Above: A Gervais-Irene to Amelia Earhart handwriting comparison, with the Gervais-Irene veritably admitting she was 'known' as both Irene and Amelia. Excerpted from a 1967 letter she wrote to Joe Gervais, she referred to two individuals; famous pilot Viola Gentry, (see Forensic Realities page) and Early Birds of Aviation President Elmo Pickerill, writing, "because they each knew us both well as Amelia Earhart and Irene Craigmile." Beyond 37' added Amelia's 'Amelia M. Earhart' signature to the document for a comparison. This sample was reprinted in Rollin Reineck's book, Amelia Earhart Survived. 

Below Comparisons: After the forensic conclusion of three different women having been attributed to the same 'Irene' identity was accomplished, the Gervais-Irene's physical head-to-toe and personal character trait alignments with Amelia Earhart naturally delivered an undeniable reality to the equation.

Amelia Earhart, age twenty-six.
1923 into a mirror self-photo portrait. She would become famous in 1928.

Amelia Earhart, 1933

Amelia, 1928

Classic Amelia, the blend begins.

Orville Wright & Amelia

Gervais-Irene & Amelia
Two photos superimposed.
Gervais-Irene & Amelia superimposed
Gervais-Irene,1965 / Amelia,1933
Gervais-Irene & Amelia superimposed
Gervais-Irene,1963 / Amelia,1928
Gervais-Irene & Amelia superimposed
Gervais-Irene,1976 / Amelia,1932
Gervais-Irene & Amelia superimposed
Gervais-Irene,1978 / Amelia,1929

In 1965, former World War Two Pacific Fleet Commander, Admiral Chester Nimitz admitted his own awareness of Earhart's
continued survival after her described 'disappearance' to CBS Radio Journalist, Fred Goerner who was investigating the case:
1965 Nimitz Quote: "Amelia Earhart and her navigator did go down in the
Marshall Islands and were picked up by the Japanese."

After the U. S. occupied the Marshalls in 1944, liberating it from Japan, Admiral Nimitz was put in charge there. Admiral Nimitz also mentioned to Goerner how such a truth about Earhart was long ago "known and documented in Washington." [Note: Admiral Nimitz assisted Fred Goerner with his 1960s investigative journalism quest that peered into the controversial non-reported details of Earhart's last flight.] Admiral Nimitz also knew Monsignor James Francis Kelley. (See photo of Nimitz with Kelley below.) 

Monsignor James Francis Kelley
President of Seton Hall College from 1936 to 1949; held Doctorates in Philosophy and Psychology

From a 10/18/82 New Jersey News Tribune article:
Msgr. Kelley later verified his late friend, the Gervais-Irene Bolam formerly was 'Amelia Earhart'

Photo of Msgr. Kelley from his autobiography.
Past Seton Hall President, Msgr. James F. Kelley knew both Lindbergh and Earhart.

Admiral Nimitz and Senator Al Hawkes...
...receiving honorary Seton Hall degrees from Monsignor Kelley;

In his 1987 published autobiography, Monsignor James Francis Kelley included the following passage in his "My Reasons For Writing This Book" chapter that begins on page 10:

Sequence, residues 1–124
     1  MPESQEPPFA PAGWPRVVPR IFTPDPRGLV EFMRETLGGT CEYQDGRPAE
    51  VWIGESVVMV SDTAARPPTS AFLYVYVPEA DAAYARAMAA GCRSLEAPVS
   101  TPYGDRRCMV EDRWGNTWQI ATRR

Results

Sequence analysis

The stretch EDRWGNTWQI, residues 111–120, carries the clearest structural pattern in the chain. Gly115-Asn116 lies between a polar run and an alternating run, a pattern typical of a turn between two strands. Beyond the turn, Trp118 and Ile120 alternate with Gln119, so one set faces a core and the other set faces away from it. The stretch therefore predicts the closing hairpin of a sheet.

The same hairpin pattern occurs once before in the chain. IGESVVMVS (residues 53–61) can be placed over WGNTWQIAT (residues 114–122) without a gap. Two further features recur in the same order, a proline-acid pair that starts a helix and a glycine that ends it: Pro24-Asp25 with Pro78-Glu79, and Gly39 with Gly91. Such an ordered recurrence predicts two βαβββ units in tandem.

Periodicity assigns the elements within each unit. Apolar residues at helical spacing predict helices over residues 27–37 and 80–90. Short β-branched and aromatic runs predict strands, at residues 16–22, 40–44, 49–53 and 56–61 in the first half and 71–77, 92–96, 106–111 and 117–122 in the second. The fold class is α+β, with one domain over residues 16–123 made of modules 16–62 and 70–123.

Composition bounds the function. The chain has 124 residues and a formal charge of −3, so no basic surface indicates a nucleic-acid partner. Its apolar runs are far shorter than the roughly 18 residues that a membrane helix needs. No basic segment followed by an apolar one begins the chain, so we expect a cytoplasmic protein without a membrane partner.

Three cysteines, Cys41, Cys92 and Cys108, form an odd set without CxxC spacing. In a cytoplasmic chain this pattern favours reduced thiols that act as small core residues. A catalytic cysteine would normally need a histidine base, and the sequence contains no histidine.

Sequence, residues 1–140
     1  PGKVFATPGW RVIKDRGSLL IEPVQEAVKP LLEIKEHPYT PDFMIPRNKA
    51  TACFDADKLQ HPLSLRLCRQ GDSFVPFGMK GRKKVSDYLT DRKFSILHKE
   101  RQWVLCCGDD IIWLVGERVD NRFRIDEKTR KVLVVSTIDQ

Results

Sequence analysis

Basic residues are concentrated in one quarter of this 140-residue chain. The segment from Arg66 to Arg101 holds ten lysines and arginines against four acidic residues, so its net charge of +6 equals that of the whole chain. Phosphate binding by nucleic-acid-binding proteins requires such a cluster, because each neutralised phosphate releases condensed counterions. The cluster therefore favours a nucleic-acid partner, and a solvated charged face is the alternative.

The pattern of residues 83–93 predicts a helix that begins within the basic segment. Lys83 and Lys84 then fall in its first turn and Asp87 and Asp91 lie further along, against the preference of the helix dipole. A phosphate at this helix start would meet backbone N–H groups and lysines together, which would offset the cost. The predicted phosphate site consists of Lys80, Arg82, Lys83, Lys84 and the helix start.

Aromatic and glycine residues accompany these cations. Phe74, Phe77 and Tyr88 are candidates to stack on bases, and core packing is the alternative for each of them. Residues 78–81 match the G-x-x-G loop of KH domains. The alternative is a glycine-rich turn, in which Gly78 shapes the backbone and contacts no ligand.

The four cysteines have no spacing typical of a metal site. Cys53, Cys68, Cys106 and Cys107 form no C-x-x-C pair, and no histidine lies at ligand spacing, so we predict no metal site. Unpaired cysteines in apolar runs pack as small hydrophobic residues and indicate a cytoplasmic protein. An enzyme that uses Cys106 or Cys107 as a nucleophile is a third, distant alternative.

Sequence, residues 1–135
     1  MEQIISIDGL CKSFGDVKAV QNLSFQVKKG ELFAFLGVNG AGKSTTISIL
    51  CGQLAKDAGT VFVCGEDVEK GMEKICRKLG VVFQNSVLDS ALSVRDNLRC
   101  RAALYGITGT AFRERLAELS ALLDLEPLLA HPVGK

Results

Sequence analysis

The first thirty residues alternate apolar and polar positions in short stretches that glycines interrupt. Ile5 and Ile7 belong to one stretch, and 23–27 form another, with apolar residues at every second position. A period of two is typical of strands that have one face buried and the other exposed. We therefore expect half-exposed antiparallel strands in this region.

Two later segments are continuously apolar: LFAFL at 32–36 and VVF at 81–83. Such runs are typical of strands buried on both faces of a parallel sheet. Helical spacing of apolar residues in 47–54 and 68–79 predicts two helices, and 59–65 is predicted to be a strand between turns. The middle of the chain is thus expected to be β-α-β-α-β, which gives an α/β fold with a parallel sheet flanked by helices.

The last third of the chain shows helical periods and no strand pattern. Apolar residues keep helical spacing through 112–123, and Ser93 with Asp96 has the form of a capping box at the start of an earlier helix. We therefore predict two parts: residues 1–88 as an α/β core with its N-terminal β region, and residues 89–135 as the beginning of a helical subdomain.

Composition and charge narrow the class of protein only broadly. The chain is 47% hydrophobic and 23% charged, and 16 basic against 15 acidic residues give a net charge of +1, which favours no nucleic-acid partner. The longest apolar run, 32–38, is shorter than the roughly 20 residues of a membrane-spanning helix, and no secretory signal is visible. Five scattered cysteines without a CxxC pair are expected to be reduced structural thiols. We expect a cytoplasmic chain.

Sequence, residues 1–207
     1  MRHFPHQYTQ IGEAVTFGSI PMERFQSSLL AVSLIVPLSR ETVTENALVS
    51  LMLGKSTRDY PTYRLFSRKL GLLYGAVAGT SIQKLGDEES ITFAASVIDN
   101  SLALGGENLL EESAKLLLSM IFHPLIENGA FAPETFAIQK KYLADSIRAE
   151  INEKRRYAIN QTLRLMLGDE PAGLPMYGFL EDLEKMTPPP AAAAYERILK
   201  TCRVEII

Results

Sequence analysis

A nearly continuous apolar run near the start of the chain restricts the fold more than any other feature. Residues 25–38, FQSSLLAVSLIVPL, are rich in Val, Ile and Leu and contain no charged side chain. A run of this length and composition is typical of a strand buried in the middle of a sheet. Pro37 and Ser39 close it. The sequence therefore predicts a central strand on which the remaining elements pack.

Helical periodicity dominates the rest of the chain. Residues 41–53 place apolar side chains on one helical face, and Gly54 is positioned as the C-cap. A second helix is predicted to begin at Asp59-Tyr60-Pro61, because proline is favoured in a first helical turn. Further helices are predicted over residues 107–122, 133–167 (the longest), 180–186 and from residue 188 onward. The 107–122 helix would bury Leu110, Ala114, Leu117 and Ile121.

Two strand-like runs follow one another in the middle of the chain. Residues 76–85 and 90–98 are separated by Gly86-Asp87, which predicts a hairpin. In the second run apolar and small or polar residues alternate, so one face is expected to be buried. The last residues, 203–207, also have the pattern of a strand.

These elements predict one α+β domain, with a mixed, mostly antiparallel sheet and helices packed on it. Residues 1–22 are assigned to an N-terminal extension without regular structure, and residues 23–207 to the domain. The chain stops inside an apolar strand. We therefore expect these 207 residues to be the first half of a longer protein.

"My reason for not wanting anyone else to do my story was that I knew many of my files contained some very personal and intimate stories about many people, prominent nationally and internationally. Some of them were now dead and I felt that to allow someone else to have access to these documents could result in the publication of data about deceased people who could not defend themselves."

Below: Excerpt from retired USAF Colonel Rollin C. Reineck's 1991 taped interview with Monsignor James Francis Kelley. Reineck tracked down the elderly Monsignor after learning what he did from two of the Monsignor's good friends, Helen Barber and Donald DeKoster (see text directly below.) [NOTE: Find more recorded interview excerpts in the above-left 'Miscellaneous' link.]

Reineck: Are you aware that she was Irene Bolam?
Kelley: What?
Reineck: Amelia Earhart was Irene Bolam?
Kelley: That's right, yes.

Their close friendship was evident after WWII...
...Irene (the Gervais-Irene) and Monsignor Kelley at dinner, mid-late 1970s.
Monsignor Kelley's beautiful St. Croix, US Virgin Islands home.
Monsignor Kelley's beautiful Rumson, NJ home. The Gervais-Irene was a familiar guest at both homes.

NOTE: In 1991, retired Air Force Major, Joe Gervais and retired Air Force Colonel, Rollin Reineck held a press conference in Hawaii to provide some recent updates pertaining to their ongoing investigation of Amelia Earhart’s disappearance, to foremost include their belief that she had 'quietly survived' World War Two. Colonel Reineck soon after received a letter from a Mrs. Helen Barber, that described something her seasonal neighbor, Monsignor James Francis Kelley had shared with she and her husband a decade earlier. She referred Colonel Reineck to another couple she knew, Mr. and Mrs. Donald DeKoster of Detroit Michigan, (Mr. DeKoster was an auto industry executive) to additionally verify the information she had been made aware of. Both the Barbers and the DeKosters were fairly affluent and both owned winter homes in the Virgin Islands on St. Croix, near Monsignor Kelley's home there. The following statement was excerpted from the letter sent to Colonel Reineck by Mrs. Helen Barber of Wayne, Pennsylvania shortly after the press conference took place:

“Dear Colonel Reineck,